The Changing Dynamic of COVID-19 Scenarios?

COVID-19 Scenarios

By Clem Sunter

Clem has written an interesting article on some of the scenarios facing us as we try and plan for the future. I have summarized below, the full article appears in:

Steuart Pennington

The latest coronavirus scenarios: walking the tightrope

At the beginning of March this year, I wrote an article painting three coronavirus scenarios for the world at large over the foreseeable future: “Much Ado About Nothing”, “The Camel’s Straw” and “Spain Again”.

At the time, the number of global infections caused by the virus was 100 000 and deaths 3 000. Today the respective figures are 2 400 000 and 165 000.

So, looking towards the remainder of this year and into the next one, which scenario is likely to play out in reality? In answering this question, I will add one further scenario which I call “Tightrope”. As you will see, it is a challenging alternative but these are unprecedented times.

Much Ado About Nothing

All the medical flags which have gone up over the last month indicate that this scenario can almost certainly be discarded as a way of interpreting the past and the future of the pandemic.

The rise in the number of deaths by a factor of 55 in such a short period, and the fact that the public health systems of some of the richest nations on Earth have been completely overwhelmed, indicate the sheer scale and suddenness of the current disease.

To suggest that it is just another form of seasonal flu or that, left to itself, it will disappear like the outbreak of SARS and MERS before doing too much damage to humanity seems bizarre.

The Camel’s Straw

We move on to The Camel’s Straw scenario. In it the coronavirus does not have to kill millions of people to be the straw that breaks the camel’s back.

The global economy was already vulnerable before the pandemic began, with slower economic growth in China and the ongoing trade spat between the two biggest economies in the world, America and China. All that was required, therefore, was a small disruption to make the global economy collapse like it did in the Great Depression of the 1930s.

In terms of disruption, reality so far has been far more shocking. Witness the scenes of major cities with deserted streets; small businesses, restaurants and shops reliant on daily cash flows being completely closed down; operations of large businesses put on care and maintenance; no sports events or other mass gatherings; empty churches, schools and universities; multiple deaths in old age homes hit by the virus; and no international travel and tourism.

If I had posed this scenario in November last year, nobody would have believed it because it was unimaginable.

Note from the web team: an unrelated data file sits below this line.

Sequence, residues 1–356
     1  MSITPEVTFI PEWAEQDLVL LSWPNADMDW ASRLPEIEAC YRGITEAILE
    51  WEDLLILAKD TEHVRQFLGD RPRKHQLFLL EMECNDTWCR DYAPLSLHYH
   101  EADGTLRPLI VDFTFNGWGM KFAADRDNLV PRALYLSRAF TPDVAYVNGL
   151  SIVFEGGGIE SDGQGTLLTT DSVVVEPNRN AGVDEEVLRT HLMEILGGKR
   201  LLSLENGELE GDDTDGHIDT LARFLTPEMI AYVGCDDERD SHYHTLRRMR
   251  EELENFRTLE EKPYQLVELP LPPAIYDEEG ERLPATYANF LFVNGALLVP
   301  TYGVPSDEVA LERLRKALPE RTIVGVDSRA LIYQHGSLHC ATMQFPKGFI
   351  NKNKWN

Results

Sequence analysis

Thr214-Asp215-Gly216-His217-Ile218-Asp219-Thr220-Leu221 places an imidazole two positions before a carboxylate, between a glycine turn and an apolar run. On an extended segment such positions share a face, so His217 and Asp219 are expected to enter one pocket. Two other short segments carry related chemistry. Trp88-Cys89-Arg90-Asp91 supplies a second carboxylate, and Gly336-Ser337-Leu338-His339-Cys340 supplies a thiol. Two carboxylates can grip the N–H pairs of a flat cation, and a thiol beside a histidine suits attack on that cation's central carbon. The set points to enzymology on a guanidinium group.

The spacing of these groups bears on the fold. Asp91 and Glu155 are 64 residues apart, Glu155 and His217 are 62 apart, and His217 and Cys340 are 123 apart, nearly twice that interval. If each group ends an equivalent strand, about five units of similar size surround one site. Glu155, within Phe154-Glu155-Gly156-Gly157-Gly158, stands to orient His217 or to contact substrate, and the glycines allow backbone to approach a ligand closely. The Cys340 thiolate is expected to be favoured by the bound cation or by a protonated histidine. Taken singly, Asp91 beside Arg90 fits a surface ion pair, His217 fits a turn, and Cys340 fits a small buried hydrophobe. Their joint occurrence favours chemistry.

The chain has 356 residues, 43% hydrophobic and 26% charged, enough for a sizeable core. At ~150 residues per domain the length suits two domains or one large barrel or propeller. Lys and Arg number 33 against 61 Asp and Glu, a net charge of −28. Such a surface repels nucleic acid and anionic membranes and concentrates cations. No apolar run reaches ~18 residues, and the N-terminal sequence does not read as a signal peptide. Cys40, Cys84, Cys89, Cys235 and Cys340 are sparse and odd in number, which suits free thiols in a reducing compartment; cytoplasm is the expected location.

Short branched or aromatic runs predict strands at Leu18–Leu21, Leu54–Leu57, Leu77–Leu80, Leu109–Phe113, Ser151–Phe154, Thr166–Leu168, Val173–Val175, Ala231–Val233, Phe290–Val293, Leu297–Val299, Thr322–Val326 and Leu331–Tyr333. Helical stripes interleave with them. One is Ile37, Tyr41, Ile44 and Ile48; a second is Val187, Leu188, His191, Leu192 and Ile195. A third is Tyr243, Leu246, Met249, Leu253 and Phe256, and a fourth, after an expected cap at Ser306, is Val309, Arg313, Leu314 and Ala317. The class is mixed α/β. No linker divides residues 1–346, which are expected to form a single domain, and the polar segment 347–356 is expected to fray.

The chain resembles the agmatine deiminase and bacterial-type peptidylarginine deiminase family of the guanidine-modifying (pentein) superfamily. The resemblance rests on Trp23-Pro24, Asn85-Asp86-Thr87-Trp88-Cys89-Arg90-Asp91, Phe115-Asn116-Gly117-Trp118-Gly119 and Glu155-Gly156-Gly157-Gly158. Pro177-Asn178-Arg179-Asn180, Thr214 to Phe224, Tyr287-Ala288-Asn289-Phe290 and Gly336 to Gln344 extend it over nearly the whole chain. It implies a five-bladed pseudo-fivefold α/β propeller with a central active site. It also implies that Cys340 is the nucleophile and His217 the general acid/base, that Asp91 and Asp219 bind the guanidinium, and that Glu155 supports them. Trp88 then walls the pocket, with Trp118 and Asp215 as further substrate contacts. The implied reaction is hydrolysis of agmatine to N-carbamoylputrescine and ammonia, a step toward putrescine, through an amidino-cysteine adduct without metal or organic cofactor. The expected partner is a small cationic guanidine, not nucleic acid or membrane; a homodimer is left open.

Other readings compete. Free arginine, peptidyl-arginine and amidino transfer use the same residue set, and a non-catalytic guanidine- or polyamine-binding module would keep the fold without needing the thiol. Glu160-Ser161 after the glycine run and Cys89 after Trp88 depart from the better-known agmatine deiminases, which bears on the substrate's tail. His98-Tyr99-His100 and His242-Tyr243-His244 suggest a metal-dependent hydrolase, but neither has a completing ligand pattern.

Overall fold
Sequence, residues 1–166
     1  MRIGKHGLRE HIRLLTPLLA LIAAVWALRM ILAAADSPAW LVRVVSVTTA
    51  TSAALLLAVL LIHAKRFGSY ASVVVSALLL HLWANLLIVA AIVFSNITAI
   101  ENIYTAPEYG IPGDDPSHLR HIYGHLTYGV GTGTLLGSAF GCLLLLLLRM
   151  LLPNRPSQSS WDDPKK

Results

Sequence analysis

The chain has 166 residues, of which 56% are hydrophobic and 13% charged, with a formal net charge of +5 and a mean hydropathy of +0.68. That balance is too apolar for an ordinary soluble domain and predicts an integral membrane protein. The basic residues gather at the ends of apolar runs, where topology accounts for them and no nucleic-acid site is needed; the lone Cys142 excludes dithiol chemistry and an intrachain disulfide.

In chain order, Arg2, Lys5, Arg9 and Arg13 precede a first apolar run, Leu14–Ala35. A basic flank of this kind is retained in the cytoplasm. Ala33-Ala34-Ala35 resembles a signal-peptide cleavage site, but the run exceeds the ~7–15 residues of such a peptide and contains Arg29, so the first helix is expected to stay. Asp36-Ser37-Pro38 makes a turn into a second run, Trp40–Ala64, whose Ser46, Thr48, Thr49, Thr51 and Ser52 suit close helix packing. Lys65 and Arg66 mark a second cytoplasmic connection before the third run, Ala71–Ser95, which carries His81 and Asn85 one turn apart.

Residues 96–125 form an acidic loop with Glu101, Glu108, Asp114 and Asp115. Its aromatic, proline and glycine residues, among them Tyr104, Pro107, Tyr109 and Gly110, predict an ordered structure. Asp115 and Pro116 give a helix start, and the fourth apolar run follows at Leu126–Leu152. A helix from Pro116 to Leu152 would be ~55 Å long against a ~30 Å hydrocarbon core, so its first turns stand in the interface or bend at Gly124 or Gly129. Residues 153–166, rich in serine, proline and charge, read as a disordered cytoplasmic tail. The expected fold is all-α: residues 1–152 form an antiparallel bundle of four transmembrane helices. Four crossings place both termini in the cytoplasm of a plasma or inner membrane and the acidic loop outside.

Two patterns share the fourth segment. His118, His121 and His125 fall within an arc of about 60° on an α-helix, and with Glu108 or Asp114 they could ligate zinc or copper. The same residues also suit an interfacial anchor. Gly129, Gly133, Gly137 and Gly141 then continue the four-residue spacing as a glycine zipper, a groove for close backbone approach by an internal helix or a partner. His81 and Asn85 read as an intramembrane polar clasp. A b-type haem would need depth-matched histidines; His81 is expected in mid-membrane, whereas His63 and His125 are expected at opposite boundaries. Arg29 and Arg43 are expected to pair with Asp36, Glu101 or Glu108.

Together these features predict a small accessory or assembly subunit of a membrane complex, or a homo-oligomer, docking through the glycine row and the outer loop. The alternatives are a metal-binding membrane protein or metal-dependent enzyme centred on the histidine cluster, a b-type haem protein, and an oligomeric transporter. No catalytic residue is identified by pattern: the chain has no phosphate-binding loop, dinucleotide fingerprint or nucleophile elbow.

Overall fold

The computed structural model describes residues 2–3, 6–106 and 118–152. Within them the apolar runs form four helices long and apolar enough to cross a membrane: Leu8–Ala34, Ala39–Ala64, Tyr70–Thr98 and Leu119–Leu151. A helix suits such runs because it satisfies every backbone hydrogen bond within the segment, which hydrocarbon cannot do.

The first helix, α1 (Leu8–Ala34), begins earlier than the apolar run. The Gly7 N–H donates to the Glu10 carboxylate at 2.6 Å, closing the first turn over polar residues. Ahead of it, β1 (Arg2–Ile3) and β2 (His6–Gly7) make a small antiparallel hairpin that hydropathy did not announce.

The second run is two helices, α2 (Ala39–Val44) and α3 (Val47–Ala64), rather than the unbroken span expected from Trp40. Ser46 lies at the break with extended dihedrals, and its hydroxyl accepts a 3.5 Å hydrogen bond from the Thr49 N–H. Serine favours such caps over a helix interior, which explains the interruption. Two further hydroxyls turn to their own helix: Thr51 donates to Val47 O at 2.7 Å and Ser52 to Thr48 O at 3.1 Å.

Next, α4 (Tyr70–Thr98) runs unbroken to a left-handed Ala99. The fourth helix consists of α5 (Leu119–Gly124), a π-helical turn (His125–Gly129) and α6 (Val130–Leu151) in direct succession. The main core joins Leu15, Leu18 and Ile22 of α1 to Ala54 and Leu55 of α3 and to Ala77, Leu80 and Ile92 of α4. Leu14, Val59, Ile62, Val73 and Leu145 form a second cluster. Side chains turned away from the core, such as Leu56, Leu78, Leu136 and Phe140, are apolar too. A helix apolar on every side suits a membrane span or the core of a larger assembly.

Spain Again

The third scenario of a repeat of the Spanish flu of the last century, which killed 3 to 5% of the world’s population, will remain in play until a vaccine is found. As already indicated, the coronavirus is unlikely just to melt away even with prolonged restrictions on human movement.

With the world’s greatest experts focused on discovering a vaccine and proving it in a series of trials, the time to get it on the market is thought to be a year to eighteen months. Until then, the nightmare scenario of a runaway pandemic should serve as a warning to all those leaders and policy makers who want to dismantle the current measures of containment too soon.


My closing advice at the end of my previous article was that humankind must become more cooperative to ensure that the virus did not have the last word. We needed to create the feeling of a shared destiny on this planet.

Alas, despite some wonderful examples of international assistance with critical items of medical equipment being sent to places where they are most needed, we still live in a world of enclaves, rising nationalism and leaders pursuing their own agenda.

If anything, the virus has fueled an even greater desire by countries to become more inward-looking and self-sufficient. Yet, the only way out of the mess is a shared strategy to rid the world of an enemy that knows no borders. Every nation has to learn from each other.

Hence, I am introducing the Tightrope scenario which is all about a delicate balancing act between preserving lives and livelihoods. The most important decision for any country to make is when and how to lift the restrictions in place by balancing the best medical models on the potential evolution of the pandemic against the need to revive the economy.

This is not easy to do. Implementation has to be a step-by-step process; and there will be wobbles along the way.

Furthermore, given that the spread of the virus has been uneven, different parts of a country may need different approaches and time lines. One shoe does not fit all and any sign of resurgent clusters must be nipped in the bud with swift testing and fresh quarantine measures if necessary. The elderly may need special protection too.

As life begins to attain a new normal – it will never return to the old one – it will be up to businesses, families and individuals to walk the same tightrope in their daily activities. Judgements on what constitutes sensible social distancing measures will be at the heart of everything we do until an effective vaccine is discovered and universally distributed.

There is a growing consensus among governments around the world that the acrobatic journey described in the fourth scenario should begin as soon as is reasonably possible. China, Austria and Denmark have already ventured forth on the rope. New Zealand will start next week and others will follow later in the year.

Will we thus avoid the pitfalls of slipping into The Camel’s Straw and Spain Again scenarios on either side of the rope? I sincerely hope so but these are early days. We have plenty of surprises in store. But of one thing you can be sure: adaptation is the key to survival.

Clem Sunter

20 April 2020